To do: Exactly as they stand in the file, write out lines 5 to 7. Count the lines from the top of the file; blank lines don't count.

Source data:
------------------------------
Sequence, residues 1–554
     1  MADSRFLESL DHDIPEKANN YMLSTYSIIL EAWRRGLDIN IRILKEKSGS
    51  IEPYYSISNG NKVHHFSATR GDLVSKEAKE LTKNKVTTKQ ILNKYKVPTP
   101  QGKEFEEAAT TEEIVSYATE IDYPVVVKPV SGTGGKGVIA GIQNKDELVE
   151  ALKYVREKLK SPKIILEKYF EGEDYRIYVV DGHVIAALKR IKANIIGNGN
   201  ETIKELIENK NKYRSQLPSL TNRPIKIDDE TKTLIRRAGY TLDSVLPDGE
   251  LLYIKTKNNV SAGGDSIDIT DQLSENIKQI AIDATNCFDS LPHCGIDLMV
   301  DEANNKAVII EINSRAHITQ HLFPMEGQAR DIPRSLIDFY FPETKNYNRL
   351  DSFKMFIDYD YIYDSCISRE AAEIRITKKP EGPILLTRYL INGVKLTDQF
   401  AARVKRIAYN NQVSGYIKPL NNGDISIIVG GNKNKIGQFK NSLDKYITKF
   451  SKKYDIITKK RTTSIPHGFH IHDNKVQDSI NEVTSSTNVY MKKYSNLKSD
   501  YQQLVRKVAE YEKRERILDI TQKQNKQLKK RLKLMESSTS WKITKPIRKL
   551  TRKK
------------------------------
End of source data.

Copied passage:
   151  ALKYVREKLK SPKIILEKYF EGEDYRIYVV DGHVIAALKR IKANIIGNGN
   201  ETIKELIENK NKYRSQLPSL TNRPIKIDDE TKTLIRRAGY TLDSVLPDGE
   251  LLYIKTKNNV SAGGDSIDIT DQLSENIKQI AIDATNCFDS LPHCGIDLMV